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Image / Editorial

Meet Geraldine: An Amazing Woman Who Creates Award-Winning Gin


by Geraldine Carton
08th Mar 2018

Sitting in front of me is Geraldine Kavanagh, the forager for the award-winning Glendalough Distillery botanical gin. She’s here to tell me about her path up to this point, which is an interesting one, to say the least, because upon securing this role in Glendalough Distillery, Geraldine’s knowledge of gin was, *ahem*, non-existent.

Living “out in the middle of nowhere in Wicklow” (her words, not mine), Geraldine worked as a forager for many years, having taught herself everything there is to know about identifying edible plants in the wild. In 2011, she started teaching people how to forage in the woodlands of Ireland, and how to do it safely. She continues to do it to this day.

Geraldine also has her own food business, Wicklow Wild Foods, through which she sells a range of homemade preserves, soups, dried mushrooms and oils at local markets. In 2014, The Irish Times did a feature on her and in a stroke of fate, co-owner of Glendalough Distillery, Barry Gallagher spotted the article.

Having just bought a new still, Barry and his team were eager to start making gin. However, they wanted it to be a uniquely Irish, uniquely Wicklow gin; made from local Wicklow produce and Wicklow hands (these guys really like Wicklow). And that’s where Geraldine came into the mix.

Geraldine admits that she didn’t know anything about gin creation up to this point, but she was so confident in her knowledge of wild plants and flavours that she knew she could make it work. Within a couple of days of Barry called her about the idea and the creation process was rolling.

After the smooth beginning, however, an issue soon became apparent; using only fresh ingredients might have brought intense, natural flavours, but the seasonality of the plants resulted in a very restricted production time slot. Luckily Geraldine saw this as a surmountable challenge; “This is why working as a forager is so exciting. The landscape is always changing and new opportunities come with every season”.

And so came the idea of the “Four Seasons” gin range, which use the local botanicals to reflect Wicklow at the various times of year (gorse for spring, elderflower for summer, wild berries for autumn and warm herbs and spices for winter). Alongside these, they created the base flavour, one that boasts to having “all the four seasons in it” and which isn’t so restricted by seasonality.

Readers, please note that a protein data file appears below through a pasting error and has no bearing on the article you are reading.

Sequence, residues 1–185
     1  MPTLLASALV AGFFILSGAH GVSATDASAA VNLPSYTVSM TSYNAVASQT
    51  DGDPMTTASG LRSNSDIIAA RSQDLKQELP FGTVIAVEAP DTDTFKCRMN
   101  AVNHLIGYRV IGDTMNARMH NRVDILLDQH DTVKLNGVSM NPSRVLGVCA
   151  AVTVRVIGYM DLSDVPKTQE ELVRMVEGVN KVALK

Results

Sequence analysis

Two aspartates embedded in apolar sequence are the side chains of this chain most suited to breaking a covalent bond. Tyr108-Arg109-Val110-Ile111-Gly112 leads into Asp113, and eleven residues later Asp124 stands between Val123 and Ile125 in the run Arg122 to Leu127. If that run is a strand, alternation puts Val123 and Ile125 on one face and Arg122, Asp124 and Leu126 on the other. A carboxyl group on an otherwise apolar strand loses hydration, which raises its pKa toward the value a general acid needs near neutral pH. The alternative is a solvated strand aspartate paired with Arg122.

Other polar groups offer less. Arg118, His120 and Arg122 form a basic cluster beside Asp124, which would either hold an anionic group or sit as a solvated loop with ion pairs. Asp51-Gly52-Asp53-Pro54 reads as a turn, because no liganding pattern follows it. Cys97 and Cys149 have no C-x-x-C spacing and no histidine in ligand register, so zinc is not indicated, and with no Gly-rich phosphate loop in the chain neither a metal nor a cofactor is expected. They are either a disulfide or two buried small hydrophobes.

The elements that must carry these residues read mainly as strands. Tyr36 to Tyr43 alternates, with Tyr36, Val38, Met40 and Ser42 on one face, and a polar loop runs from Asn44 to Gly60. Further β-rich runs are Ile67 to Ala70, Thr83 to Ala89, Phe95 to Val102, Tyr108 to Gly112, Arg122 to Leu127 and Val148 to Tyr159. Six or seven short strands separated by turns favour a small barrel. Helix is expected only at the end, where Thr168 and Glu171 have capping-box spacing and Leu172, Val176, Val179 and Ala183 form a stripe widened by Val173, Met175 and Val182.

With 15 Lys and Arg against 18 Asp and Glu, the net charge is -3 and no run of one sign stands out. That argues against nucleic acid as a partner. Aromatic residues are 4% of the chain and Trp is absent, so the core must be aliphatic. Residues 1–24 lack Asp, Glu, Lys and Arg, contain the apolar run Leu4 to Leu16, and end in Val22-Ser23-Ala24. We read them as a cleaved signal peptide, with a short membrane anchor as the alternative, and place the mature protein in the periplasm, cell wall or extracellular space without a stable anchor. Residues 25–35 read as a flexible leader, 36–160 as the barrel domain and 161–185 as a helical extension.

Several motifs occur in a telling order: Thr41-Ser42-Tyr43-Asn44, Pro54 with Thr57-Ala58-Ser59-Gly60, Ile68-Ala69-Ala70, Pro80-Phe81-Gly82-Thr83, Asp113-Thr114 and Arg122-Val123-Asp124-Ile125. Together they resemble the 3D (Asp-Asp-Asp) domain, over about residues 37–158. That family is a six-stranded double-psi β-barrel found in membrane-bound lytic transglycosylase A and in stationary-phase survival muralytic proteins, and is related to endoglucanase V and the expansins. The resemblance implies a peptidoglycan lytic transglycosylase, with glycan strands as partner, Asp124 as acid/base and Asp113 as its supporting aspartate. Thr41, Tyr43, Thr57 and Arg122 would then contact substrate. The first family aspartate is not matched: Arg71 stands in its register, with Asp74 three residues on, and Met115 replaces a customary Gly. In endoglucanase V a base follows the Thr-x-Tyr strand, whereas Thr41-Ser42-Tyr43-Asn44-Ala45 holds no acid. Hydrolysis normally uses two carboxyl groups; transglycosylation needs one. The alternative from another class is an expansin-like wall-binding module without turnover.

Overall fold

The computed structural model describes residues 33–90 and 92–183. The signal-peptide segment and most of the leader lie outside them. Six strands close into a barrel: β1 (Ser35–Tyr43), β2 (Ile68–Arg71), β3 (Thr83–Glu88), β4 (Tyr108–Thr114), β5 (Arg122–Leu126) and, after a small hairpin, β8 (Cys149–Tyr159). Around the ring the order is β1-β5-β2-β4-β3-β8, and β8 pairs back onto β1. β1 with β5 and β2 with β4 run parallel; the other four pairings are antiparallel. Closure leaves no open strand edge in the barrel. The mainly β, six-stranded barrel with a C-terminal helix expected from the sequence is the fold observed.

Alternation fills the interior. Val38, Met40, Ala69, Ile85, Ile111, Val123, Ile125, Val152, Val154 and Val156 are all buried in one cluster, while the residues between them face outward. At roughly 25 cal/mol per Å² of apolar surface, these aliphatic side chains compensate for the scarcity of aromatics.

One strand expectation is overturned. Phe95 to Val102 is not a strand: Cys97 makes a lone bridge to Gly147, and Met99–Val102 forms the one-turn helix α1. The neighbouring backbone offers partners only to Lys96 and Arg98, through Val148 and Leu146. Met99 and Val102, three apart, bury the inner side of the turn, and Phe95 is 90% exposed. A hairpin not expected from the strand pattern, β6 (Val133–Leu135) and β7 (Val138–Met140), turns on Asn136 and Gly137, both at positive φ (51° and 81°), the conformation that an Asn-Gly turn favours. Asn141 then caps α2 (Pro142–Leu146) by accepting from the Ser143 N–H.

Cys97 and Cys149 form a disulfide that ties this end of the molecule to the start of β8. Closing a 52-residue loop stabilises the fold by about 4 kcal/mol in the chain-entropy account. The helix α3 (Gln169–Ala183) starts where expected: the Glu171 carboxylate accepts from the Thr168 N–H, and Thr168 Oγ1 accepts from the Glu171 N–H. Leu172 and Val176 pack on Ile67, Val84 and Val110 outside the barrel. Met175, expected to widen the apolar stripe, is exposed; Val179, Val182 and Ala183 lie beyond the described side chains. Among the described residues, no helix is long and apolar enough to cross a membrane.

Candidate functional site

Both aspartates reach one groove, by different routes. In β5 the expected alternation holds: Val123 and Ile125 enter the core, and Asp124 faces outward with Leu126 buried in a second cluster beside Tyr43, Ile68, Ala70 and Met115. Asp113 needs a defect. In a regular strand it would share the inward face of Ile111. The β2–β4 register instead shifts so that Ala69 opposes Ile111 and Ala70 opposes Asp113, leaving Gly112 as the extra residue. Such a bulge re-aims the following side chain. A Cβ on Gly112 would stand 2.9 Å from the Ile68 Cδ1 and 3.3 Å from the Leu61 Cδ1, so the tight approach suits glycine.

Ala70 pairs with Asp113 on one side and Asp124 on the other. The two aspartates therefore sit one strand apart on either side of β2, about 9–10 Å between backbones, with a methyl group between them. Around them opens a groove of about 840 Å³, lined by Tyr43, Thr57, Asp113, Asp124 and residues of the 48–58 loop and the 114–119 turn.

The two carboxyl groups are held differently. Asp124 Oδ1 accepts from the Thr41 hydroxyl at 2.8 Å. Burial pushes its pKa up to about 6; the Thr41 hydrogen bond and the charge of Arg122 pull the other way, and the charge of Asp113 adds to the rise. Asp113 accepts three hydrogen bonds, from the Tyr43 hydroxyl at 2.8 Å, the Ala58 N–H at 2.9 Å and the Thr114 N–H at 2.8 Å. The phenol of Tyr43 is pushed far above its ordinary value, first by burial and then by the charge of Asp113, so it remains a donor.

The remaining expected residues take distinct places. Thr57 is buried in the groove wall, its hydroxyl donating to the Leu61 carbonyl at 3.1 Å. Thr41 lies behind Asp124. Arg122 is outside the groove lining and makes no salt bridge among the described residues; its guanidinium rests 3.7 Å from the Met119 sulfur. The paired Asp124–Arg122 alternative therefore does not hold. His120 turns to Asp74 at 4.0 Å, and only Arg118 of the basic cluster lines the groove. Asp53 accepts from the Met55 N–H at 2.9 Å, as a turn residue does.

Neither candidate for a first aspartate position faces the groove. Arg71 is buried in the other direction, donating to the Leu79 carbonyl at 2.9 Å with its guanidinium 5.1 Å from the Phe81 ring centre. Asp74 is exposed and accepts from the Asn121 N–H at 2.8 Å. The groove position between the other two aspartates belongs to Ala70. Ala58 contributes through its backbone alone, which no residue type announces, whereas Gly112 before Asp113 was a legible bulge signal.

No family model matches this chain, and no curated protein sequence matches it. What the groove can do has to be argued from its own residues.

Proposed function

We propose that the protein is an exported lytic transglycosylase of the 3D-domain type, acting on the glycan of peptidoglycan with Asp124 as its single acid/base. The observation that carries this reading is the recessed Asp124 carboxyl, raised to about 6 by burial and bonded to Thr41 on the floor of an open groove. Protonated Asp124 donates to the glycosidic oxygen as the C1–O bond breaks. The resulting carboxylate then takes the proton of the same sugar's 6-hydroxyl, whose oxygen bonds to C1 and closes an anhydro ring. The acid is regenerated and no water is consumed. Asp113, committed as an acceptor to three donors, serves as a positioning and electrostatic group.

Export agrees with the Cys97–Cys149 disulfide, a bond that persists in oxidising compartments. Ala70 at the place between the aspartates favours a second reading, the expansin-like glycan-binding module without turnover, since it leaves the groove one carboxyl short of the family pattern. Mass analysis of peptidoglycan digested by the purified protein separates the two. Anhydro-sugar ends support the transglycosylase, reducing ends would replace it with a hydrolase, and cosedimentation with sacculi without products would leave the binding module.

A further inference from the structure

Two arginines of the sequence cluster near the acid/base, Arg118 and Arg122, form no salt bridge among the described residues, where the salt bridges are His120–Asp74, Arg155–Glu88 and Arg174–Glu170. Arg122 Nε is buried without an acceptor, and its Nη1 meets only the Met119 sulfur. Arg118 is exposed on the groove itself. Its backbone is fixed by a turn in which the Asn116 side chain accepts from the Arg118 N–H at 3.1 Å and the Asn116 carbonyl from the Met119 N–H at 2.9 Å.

The idea was well-received and the flavours were raved about all over the world.

Geraldine is honest and frank about her lack of gin knowledge before embarking on this career. She still sees the Glendalough distillery as like something from Charlie and The Chocolate Factory, with its great big copper still producing “all sorts of heavenly smells”.

An intrepid woman, Geraldine has no professional training in gin distillery, nor in foraging for that matter. She is completely self-taught. She could fool me though as she now talks about gin with the air of a connoisseur, referring to processes and terminology that I pretend to understand, nodding sagely. This stuff sounds complicated, and yet for Geraldine, it seemed to come as naturally as riding a bike. There’s a serendipitous air to the whole situation – who else would’ve had the confidence to pursue a project as niche and experimental as this?

Since launching the gins, Geraldine and the team have been asked to speak at London’s most prominent private gin clubs and have won numerous awards, including gold at The San Francisco World Spirits Competition (the Oscars of the spirits world) within a few months of production. Now Glendalough Gin is on sale in 34 countries worldwide and Geraldine is frequently asked to speak about her process in creating gin flavours. 

Although humble, Geraldine undoubtedly knows what she’s talking about and has pride in her work. The plus side of the job? She’s off work for the winter as all the foraging is done in advance. However, that’s balanced out with nine months of physical work, long days working from dawn until dusk up in the mountains, down by the sea, and everywhere in between.

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